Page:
To “translate” (in the broad sense) practical educational techniques from a different culture for discussion, comment, imaginative role-play, and debate today.

To develop pedagogical techniques for interactive, collaborative, sociable teaching and learning: close reading, deep reading, and research; philological and poetic activities around a single sound or word; critical and creative continuations; and commentary in distance learning—across generations and space and time, including online—shaping a living knowledge-community.

To contribute to work in philosophy of education—as, crucially, distinct from educational management and leadership—through the ethical and social idea of “consent” and its application to the political situation that is a classroom (including a virtual one), course, and university.

If pigs could fly … dreaming of four months’ happy Mondays. Clumsily hoofingly working to retrain what were once crafty hands with fine motor skills back into some shape befitting the textile arts, hoping to embroider pearls / „sie spinnt gerade” …


1 Prelims

2 Build a home / make a space

UBC BLOGS / WP site to house it: it will be in stages, and different kinds and levels. Some will be written: to be html, pdf, and AV. Some will be resources for teaching, with suggestions on how to use them (“translation” in the broad sense) for a range of potential audiences and situations.

  • rejig MMM site, redeploy as hub?
  • start/restart new “JÓB” site (think there’s an old one? or keep MMM and just rename banner etc.), for everything that looks like writing to do with teaching and learning;
  • anything else goes to MMM (or elsewhere, new spinoff?) + stand-alone sites ex. Dendromorphoses and Enimia; all cross-referenced, inter-linked, and constellated;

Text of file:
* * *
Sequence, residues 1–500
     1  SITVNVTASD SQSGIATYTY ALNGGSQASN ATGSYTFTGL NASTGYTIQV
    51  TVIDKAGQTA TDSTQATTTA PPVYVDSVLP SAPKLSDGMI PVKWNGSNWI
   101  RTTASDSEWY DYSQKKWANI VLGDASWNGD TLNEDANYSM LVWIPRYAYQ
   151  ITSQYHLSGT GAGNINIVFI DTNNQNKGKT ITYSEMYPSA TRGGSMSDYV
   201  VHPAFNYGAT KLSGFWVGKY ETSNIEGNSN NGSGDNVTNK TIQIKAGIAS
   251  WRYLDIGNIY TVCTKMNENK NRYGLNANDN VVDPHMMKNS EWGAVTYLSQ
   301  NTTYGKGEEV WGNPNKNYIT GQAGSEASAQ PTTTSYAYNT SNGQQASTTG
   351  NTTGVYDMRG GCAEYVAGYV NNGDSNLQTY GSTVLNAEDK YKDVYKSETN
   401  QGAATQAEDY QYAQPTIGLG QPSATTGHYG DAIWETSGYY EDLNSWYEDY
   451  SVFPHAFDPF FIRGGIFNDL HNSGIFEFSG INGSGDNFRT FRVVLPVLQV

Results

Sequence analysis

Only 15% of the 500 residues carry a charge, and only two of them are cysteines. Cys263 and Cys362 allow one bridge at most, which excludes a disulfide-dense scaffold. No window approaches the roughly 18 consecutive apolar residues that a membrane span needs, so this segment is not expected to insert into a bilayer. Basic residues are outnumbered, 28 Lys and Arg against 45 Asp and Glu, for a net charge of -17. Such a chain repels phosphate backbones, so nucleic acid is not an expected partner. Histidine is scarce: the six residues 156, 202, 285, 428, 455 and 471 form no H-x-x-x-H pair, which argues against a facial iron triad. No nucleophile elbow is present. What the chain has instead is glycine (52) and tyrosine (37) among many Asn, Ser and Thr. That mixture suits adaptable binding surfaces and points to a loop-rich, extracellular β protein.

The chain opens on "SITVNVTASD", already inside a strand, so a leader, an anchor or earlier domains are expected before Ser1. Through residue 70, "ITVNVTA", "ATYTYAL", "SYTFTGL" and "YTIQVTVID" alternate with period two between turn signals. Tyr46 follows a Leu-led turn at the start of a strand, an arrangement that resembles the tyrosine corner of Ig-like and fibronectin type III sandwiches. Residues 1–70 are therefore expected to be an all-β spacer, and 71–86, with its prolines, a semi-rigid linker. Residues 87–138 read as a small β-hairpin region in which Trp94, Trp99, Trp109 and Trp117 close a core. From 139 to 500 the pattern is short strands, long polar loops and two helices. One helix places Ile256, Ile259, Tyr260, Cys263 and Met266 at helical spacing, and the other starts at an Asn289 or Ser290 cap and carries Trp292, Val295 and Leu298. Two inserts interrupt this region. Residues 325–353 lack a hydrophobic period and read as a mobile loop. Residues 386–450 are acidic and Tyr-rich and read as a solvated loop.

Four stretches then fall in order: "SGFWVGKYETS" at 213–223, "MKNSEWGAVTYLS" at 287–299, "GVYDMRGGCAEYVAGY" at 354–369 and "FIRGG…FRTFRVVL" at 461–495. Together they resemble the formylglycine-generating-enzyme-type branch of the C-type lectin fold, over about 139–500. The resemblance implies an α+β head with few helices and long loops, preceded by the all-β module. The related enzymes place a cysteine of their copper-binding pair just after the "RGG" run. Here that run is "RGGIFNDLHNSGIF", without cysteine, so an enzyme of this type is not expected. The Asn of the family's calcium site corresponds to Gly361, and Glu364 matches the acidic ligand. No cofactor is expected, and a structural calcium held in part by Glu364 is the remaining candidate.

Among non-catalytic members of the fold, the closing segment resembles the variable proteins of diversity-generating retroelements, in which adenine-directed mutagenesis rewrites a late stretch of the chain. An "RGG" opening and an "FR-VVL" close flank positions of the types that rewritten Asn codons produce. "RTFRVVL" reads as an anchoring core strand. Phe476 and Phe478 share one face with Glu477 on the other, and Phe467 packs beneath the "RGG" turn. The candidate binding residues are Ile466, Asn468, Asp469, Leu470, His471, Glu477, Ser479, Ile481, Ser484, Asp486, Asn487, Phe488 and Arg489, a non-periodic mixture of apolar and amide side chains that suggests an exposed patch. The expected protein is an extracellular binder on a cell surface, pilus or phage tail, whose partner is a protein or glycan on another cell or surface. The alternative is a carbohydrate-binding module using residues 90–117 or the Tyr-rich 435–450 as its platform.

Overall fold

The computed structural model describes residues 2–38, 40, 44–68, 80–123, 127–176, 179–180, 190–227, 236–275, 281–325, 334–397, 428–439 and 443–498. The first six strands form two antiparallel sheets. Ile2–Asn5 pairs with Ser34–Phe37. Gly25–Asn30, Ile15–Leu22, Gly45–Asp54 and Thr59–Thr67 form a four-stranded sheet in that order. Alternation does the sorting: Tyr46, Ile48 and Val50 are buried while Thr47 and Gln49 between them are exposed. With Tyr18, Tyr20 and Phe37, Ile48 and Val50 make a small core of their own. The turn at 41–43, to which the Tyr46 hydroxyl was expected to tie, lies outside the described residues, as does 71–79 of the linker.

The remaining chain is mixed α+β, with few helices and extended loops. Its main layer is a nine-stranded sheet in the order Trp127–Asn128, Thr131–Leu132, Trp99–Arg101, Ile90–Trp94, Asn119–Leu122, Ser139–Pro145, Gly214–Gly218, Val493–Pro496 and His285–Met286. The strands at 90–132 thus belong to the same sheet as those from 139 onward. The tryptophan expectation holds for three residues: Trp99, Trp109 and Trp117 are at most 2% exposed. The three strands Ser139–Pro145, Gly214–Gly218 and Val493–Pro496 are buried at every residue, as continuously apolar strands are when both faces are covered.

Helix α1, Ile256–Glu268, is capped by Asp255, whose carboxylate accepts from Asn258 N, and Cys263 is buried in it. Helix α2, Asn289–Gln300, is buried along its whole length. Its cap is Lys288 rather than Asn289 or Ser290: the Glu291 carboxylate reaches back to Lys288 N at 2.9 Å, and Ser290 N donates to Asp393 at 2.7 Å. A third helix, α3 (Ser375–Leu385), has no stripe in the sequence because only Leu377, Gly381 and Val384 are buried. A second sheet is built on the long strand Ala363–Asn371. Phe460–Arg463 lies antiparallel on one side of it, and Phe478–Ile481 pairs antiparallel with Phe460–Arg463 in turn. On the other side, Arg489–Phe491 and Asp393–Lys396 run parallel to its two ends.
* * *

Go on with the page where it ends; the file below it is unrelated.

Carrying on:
• might mean more architecture and construction work? major reconceptualisation and redesign and remaking?

3 Make the COM usable

  • work with UBC IT 
  • get ancient macbook restarted, with ancient rosetta-compatible OS
  • or PD funds to buy another restored antique
  • (for this present research’s purposes; unfortunately this database, repository, and vital resource is about as far from open as is imaginable, though maybe it or something similar will be openly accessible one day)
  • primary materials 
    • (at least online manuscript links and suggested resources, see for ex. ARLIMA approach)
    • lyric, dialogic, and narrative poetry: canso, tenso, partimen, judici d’amors, novas, roman
    • composition, collection, and commentary: poetic grammars / treatises and commentary, satirical sirventes; chansonnier manuscript superbooks;
  • materials and approaches for teaching and learning, medievalistically and poetically
    • some of this will be rewriting and reorganising previous MMM writing about teaching and learning;
    • some will be annotated bibliography, for non-OA materials (ex. translations and editions);
    • some will be MSS, with ideas on how to work with them.
  • this will include essays about